In the Center of Saturn's North Polar Vortex
Image Credit: NASA/JPL-Caltech/Space Science Institute
Explanation: What's happening at the north pole of Saturn? A vortex of strange and complex swirling clouds. The center of this vortex was imaged in unprecedented detail last week by the robotic Cassini spacecraft orbiting Saturn. These clouds lie at the center of the unusual hexagonal cloud system that surrounds the north pole of Saturn. The sun rose on Saturn's north pole just a few years ago, with Cassini taking only infrared images of the shadowed region previously. The above image is raw and unprocessed and is being prepared for release in 2013. Several similar images of the region have recently been condensed into a movie. Planetary scientists are sure to continue to study this most unusual cloud formation for quite some time.
Plasma Jets from Radio Galaxy Hercules A
Image Credit: NASA, ESA, S. Baum & C. O'Dea (RIT), R. Perley and W. Cotton (NRAO/AUI/NSF),
and the Hubble Heritage Team (STScI/AURA)
Explanation: Why does this galaxy emit such spectacular jets? No one is sure, but it is likely related to an active supermassive black hole at its center. The galaxy at the image center, Hercules A, appears to be a relatively normal elliptical galaxy in visible light. When imaged in radio waves, however, tremendous plasma jets over one million light years long appear. Detailed analyses indicate that the central galaxy, also known as 3C 348, is actually over 1,000 times more massive than our Milky Way Galaxy, and the central black hole is nearly 1,000 times more massive than the black hole at our Milky Way's center. Pictured above is a visible light image obtained by the Earth-orbiting Hubble Space Telescope superposed with a radio image taken by the recently upgraded Very Large Array (VLA) of radio telescopes in New Mexico, USA. The physics that creates the jets remains a topic of research with a likely energy source being infalling matter swirling toward the central black hole.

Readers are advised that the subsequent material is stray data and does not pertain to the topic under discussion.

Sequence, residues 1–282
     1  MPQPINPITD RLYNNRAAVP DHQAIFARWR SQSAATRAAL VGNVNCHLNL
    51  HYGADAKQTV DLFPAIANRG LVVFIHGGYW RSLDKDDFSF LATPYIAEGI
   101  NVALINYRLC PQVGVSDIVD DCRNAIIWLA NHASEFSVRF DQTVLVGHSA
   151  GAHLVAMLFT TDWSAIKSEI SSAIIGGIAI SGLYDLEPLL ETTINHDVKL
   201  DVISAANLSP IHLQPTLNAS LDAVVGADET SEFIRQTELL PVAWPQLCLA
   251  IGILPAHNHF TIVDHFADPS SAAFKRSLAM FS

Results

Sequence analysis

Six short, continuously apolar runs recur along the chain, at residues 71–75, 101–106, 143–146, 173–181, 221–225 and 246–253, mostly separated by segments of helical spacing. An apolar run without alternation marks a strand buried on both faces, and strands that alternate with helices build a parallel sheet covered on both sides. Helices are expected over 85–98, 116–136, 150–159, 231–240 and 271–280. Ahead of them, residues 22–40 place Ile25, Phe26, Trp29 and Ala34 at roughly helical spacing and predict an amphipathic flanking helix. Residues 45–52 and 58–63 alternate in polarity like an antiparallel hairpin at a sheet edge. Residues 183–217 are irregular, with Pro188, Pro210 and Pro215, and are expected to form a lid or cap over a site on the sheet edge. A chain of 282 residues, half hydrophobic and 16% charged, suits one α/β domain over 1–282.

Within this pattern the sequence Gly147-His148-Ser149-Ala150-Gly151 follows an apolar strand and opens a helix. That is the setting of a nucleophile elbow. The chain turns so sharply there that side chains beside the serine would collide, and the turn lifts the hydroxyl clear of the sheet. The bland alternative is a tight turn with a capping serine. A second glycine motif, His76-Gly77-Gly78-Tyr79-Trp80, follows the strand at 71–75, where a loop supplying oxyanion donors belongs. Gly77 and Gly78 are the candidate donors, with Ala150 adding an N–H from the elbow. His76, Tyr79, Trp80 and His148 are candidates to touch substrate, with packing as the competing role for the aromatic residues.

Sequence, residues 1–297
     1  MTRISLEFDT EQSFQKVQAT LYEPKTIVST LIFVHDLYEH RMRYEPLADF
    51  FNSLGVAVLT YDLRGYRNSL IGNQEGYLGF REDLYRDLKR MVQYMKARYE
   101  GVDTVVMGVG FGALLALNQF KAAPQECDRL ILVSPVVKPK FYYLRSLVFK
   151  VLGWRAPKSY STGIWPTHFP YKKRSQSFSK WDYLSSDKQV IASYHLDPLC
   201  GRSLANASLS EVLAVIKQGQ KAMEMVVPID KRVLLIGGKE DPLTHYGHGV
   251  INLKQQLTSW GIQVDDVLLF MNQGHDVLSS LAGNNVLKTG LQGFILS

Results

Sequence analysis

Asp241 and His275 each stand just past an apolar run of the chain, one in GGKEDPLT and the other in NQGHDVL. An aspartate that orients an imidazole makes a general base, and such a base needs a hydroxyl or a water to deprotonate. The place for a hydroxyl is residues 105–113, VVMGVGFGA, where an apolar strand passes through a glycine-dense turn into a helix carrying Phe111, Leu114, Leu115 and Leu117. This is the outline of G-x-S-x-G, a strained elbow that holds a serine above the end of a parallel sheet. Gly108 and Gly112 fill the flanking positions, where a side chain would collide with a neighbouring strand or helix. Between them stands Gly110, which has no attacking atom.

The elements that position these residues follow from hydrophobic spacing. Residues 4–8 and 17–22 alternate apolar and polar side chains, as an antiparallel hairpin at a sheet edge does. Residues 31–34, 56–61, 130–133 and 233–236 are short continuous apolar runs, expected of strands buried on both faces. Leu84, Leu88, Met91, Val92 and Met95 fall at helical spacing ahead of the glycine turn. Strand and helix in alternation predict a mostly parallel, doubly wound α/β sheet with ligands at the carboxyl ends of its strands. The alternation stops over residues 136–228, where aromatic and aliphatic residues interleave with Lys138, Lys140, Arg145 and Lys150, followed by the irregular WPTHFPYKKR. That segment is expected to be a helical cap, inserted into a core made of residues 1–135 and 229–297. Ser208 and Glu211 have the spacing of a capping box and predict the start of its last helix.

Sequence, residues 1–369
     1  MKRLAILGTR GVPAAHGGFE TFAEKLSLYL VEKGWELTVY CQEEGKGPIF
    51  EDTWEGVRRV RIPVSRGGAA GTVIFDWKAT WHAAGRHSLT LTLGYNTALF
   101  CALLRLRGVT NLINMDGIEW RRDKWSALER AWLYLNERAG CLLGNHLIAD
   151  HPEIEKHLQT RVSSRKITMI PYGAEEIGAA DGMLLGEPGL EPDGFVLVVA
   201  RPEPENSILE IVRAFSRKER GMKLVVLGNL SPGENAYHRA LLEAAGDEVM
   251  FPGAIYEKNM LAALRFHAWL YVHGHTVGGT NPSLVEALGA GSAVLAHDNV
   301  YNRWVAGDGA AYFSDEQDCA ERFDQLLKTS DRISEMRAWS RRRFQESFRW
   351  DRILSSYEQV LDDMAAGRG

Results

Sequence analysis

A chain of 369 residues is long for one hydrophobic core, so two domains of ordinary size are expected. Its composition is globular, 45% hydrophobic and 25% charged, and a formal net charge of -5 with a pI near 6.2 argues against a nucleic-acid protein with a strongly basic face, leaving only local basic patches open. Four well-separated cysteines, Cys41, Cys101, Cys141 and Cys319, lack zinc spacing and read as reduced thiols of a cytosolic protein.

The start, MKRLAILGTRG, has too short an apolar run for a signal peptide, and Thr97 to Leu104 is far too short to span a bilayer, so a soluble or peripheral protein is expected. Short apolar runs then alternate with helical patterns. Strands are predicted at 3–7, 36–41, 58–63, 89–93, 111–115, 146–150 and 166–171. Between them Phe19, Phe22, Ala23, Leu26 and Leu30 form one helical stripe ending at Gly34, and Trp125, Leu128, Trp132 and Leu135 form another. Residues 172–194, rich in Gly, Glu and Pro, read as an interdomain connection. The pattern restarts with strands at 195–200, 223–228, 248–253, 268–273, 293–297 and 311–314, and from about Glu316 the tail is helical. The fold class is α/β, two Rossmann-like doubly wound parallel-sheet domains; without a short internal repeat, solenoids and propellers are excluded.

47 Tuc Near the Small Magellanic Cloud
Image Credit & Copyright: Ivan Eder
Explanation: Globular star cluster 47 Tucanae is a jewel of the southern sky. Also known as NGC 104, it roams the halo of our Milky Way Galaxy along with around 200 other globular star clusters. The second brightest globular cluster (after Omega Centauri) as seen from planet Earth, it lies about 13,000 light-years away and can be spotted naked-eye near the Small Magellanic Cloud (SMC) in the constellation of the Toucan. Of course, the SMC is some 210,000 light-years distant, a satellite galaxy of our Milky Way and not physically close to 47 Tuc. Stars on the outskirts of the SMC are seen at the upper left of this broad southern skyscape. Toward the lower right with about the same apparent diameter as a Full Moon, dense cluster 47 Tuc is made up of several million stars in a volume only about 120 light-years across. Away from the bright cluster core, the red giants of 47 Tuc are easy to pick out as yellowish tinted stars. Globular cluster 47 Tuc is also home to exotic x-ray binary star systems.
Earth at Night
Image Credit : NASA, NOAA NGDC, Suomi-NPP, Earth Observatory,
Data and Processing: Chris Elvidge and Robert Simmon